‘Weird’, in this case, means study participants from Western, Educated, and from Industrialized, Rich, and Democratic countries. More on that below – but first let me set the stage.
Our Psychology department at UC Berkeley recently articulated a set of learning goals for our graduate students. It’s a work in progress, and several students and faculty have written to me with suggestions.
One of the learning goals is for students to…
Develop an awareness of the importance of science to humanity while recognizing its limits (i.e., some scientific knowledge is culture specific and may not be applicable to the human condition universally).
In response, a grad student wrote me a thoughtful e-mail:
“I have always seen science as just the opposite. Anyone in the world (given some education) can appreciate a beautiful mathematical proof, the size of the cosmos, the way evolution works without foresight, and the complexity of our organs, in the same way, regardless of race, creed, or religion. To me, these scientific findings bring about the same awe and joy that a Mozart piece does, but the difference is that its beauty doesn’t depend on local beliefs or tastes. If there is anything that can bring cultures together, I think it’s an appreciate for science.”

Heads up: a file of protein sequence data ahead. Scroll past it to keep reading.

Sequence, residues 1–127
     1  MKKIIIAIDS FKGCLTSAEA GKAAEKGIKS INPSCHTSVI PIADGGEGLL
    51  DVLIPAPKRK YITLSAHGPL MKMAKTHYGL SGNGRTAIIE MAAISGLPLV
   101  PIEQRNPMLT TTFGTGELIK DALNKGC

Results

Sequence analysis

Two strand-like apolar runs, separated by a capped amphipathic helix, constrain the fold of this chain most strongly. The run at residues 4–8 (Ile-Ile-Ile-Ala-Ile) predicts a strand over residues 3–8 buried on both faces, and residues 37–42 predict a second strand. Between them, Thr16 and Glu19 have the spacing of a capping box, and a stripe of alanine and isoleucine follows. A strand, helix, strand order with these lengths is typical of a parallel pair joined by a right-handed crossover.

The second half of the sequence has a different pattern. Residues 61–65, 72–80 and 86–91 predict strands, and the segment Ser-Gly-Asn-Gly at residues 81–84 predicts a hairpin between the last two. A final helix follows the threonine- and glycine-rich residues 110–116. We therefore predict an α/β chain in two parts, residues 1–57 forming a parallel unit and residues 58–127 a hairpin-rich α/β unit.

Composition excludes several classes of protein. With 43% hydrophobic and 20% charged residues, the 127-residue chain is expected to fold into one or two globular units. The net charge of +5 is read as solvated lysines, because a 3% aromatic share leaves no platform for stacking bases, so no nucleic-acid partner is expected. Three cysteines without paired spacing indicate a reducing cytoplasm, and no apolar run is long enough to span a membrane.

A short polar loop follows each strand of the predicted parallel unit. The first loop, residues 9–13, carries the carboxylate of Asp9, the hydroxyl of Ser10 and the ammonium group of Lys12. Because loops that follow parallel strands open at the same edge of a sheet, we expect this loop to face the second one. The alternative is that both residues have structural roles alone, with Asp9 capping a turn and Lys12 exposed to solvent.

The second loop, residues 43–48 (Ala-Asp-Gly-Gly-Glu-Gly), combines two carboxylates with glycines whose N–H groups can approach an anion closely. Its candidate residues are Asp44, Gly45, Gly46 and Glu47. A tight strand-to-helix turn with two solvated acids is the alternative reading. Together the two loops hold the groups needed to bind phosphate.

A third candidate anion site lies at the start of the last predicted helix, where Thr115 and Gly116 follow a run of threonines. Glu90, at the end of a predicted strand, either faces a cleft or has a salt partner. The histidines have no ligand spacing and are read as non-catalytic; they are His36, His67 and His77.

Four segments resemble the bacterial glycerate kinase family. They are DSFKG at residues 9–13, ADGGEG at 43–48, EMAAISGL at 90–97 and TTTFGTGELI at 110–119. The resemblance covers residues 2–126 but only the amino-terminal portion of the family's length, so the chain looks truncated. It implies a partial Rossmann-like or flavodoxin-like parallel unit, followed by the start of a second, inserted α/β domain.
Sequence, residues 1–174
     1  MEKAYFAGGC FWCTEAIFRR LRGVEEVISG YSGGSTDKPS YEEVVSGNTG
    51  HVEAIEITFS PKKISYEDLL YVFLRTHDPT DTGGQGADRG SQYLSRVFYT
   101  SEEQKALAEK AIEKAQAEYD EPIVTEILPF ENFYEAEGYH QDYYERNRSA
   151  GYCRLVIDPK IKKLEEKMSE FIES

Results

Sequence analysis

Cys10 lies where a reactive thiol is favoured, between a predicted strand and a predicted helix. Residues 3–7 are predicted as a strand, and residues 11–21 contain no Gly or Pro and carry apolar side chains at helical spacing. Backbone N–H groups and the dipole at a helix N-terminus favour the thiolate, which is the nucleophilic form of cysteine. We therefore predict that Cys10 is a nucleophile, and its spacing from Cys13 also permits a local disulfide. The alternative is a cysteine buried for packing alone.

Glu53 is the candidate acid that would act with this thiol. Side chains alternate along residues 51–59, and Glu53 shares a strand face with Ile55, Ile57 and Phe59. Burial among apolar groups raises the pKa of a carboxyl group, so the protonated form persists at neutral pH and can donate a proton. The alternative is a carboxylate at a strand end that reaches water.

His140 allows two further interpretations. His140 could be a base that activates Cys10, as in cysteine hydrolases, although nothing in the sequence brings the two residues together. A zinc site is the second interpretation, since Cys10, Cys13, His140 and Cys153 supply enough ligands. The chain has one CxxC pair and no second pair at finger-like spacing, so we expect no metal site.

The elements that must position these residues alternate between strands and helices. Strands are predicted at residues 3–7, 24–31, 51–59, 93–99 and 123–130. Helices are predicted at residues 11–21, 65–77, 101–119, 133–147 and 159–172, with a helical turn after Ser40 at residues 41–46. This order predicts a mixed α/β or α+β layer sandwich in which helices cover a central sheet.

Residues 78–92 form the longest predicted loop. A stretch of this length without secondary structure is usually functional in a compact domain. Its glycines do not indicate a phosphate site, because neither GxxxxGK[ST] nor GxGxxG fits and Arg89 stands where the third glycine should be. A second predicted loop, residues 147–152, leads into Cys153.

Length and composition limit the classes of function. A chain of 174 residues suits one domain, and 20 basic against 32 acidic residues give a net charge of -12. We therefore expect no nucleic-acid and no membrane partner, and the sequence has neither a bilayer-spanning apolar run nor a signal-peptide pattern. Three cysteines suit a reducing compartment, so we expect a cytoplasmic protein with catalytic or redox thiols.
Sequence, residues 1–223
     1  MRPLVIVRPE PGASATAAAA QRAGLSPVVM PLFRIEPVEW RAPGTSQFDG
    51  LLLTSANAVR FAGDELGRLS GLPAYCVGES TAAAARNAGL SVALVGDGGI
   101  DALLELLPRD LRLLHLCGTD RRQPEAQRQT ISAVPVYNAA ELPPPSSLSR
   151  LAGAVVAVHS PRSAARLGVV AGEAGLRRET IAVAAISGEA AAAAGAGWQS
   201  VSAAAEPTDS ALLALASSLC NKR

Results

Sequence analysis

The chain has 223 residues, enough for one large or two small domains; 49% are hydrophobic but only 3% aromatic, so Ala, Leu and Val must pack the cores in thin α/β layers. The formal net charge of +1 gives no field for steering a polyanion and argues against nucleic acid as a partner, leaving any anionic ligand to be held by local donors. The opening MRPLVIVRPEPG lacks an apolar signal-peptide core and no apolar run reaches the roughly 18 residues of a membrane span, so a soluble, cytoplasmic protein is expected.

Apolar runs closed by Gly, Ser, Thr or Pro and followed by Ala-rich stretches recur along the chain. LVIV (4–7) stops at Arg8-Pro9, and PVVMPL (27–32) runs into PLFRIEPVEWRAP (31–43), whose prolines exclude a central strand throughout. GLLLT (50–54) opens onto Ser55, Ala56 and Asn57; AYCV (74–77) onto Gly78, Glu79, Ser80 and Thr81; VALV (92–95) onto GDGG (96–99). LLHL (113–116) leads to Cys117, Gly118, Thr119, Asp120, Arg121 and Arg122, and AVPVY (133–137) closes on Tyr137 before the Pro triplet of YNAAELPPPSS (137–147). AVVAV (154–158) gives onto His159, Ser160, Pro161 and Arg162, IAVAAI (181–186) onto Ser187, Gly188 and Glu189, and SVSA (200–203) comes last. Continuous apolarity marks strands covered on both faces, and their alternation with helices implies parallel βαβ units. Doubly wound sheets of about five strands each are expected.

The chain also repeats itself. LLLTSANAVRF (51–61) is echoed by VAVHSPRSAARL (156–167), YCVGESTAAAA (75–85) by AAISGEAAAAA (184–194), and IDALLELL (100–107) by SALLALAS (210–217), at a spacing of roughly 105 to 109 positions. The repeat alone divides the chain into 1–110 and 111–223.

This is a lovely perspective, written by someone who clearly loves science as much as I do, but I think it’s important to distinguish between mathematical proofs and psychological research.
This discussion reminds me of a wonderfully provocative piece that I strongly recommend to all those studying human behavior: The weirdest people in the world? Interested readers might also enjoy this Slate article.
It’s worth pondering just how WEIRD our participants are, and whether our conclusions about human cognition and behavior are as broadly applicable as we believe them to be.